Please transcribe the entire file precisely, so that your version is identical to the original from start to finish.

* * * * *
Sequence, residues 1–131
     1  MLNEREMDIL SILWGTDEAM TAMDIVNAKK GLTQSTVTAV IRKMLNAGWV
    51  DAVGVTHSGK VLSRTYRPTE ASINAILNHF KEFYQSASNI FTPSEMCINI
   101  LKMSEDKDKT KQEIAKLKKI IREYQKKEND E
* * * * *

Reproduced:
Sequence, residues 1–131
     1  MLNEREMDIL SILWGTDEAM TAMDIVNAKK GLTQSTVTAV IRKMLNAGWV
    51  DAVGVTHSGK VLSRTYRPTE ASINAILNHF KEFYQSASNI FTPSEMCINI
   101  LKMSEDKDKT KQEIAKLKKI IREYQKKEND E